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Galaxies and supermassive black holes.

Ten Years Since The Revolution at Amazon.

SAS Black Ops at Amazon.
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Evolution of Galaxies.

Japanese Astro-E2 Satellite Launched.

The Japanese space agency JAXA announced the successful launch of the ASTRO-E2 X-ray satellite on Sunday. A Japanese-built M-5 rocket blasted off from the Uchinoura Space Center carrying the Astro-E2 into orbit. This satellite, renamed Suzuka, is a replacement for the Astro-E satellite, which was destroyed because of a launch failure in 2000. Once it's operational, Suzuka will help Astronomers understand the evolution of Galaxies and the supermassive black holes at their centres.

How much material was blasted off By Deep impact?.

One of the instruments tuned into Deep Impact is NASA's Swift satellite, normally designed to detect and analyze gamma ray bursts. Swift has been watching the expanding debris cloud, and detected increasing numbers of X-rays every day. This has enabled scientists to accurately measure the total amount of material released. So far, it appears that several tens of thousands of tonnes of debris were blasted off the Comet into space; enough to bury a football field under 9 metres (30 feet) of dust.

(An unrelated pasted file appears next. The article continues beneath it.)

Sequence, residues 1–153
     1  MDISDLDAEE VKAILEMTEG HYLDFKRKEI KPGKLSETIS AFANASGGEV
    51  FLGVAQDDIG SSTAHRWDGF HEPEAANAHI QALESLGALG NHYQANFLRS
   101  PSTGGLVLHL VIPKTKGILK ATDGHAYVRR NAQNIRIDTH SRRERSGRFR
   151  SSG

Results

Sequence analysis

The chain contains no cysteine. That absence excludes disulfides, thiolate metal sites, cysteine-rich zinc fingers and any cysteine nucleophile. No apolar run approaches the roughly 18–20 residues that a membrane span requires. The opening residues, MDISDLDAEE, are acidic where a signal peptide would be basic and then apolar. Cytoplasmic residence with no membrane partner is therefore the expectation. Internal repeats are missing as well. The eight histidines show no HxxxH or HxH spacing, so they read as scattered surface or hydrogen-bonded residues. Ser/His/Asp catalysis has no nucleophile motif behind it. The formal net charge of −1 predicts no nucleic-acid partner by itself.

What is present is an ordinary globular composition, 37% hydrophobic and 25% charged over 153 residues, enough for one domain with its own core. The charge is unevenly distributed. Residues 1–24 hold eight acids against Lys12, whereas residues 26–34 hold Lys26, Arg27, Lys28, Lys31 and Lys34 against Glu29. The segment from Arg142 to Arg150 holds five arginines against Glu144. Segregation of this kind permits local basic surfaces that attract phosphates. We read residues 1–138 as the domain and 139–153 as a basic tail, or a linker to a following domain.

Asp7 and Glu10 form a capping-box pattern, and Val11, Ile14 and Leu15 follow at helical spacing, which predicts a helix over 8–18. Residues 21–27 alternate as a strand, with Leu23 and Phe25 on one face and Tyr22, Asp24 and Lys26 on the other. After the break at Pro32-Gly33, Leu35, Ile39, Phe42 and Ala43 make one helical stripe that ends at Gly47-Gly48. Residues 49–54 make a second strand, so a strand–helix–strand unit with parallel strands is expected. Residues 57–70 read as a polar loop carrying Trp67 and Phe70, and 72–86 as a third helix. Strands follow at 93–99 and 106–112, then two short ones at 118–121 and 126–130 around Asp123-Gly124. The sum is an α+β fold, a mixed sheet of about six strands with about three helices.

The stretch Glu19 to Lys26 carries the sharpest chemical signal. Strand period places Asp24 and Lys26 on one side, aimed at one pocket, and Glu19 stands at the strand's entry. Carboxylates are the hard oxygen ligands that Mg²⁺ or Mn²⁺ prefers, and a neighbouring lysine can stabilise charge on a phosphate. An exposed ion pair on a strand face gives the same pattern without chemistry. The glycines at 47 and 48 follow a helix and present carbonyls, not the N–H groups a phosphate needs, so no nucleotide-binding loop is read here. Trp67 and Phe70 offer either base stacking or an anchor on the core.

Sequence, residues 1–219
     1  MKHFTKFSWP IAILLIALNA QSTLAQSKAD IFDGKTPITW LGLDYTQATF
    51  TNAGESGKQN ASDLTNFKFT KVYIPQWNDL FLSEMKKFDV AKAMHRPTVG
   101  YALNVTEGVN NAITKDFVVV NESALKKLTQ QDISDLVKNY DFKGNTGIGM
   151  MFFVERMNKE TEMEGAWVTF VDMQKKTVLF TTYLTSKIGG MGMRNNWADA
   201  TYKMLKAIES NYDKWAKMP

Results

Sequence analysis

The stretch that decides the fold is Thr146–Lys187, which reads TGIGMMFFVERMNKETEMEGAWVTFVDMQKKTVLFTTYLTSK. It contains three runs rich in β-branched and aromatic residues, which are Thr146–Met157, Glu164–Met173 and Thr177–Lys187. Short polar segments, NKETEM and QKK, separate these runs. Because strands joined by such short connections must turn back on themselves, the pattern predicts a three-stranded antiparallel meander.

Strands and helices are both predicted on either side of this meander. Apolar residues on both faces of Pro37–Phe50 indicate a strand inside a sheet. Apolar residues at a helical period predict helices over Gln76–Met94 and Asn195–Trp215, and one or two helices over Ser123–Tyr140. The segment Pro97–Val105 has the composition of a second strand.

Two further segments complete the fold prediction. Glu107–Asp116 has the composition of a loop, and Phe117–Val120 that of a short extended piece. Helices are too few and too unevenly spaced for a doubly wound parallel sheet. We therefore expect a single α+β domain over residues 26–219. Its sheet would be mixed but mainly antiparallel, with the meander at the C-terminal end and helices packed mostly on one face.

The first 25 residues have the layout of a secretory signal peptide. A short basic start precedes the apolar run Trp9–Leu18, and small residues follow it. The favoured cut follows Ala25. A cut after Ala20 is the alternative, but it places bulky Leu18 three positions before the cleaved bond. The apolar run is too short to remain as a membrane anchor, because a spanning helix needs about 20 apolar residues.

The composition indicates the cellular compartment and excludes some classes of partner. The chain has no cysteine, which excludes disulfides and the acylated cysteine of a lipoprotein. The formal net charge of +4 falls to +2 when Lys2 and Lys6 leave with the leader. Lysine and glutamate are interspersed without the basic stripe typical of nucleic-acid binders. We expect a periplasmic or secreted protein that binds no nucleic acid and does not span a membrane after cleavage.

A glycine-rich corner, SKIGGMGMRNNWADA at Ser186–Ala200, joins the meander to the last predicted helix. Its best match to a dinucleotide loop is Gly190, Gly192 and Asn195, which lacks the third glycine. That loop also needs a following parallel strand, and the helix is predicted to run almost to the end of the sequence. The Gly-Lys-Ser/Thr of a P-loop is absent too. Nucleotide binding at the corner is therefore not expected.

Transit Method Turns Up Planets.

Of the 130 extrasolar planets discovered to date, most have been found using the radial velocity method, where a planet causes tiny changes to a star's velocity compared to the Earth. This back and forth motion changes the wavelength of the light from our perspective. Another method, the transit method, has turned up 6 planets so far, and should find many more in the coming years. It works by watching for a star to dim slightly on a regular basis as a planet passes in between us and the star.

Deep Impact's Plume Was Bigger Than Expected.

When Deep Impact's impactor slammed into Comet Tempel 1 on July 4, 2005, it released a tremendous cloud of fine powdery material from the comet's nucleus. scientists are still studying the volumes of data acquired by Deep Impact, but it appears this plume was much brighter than anyone had expected; its surface was more like talcum powder than sand. The crater was probably on the large side of what was being predicted: 50 - 250 metres (165 - 820 feet).

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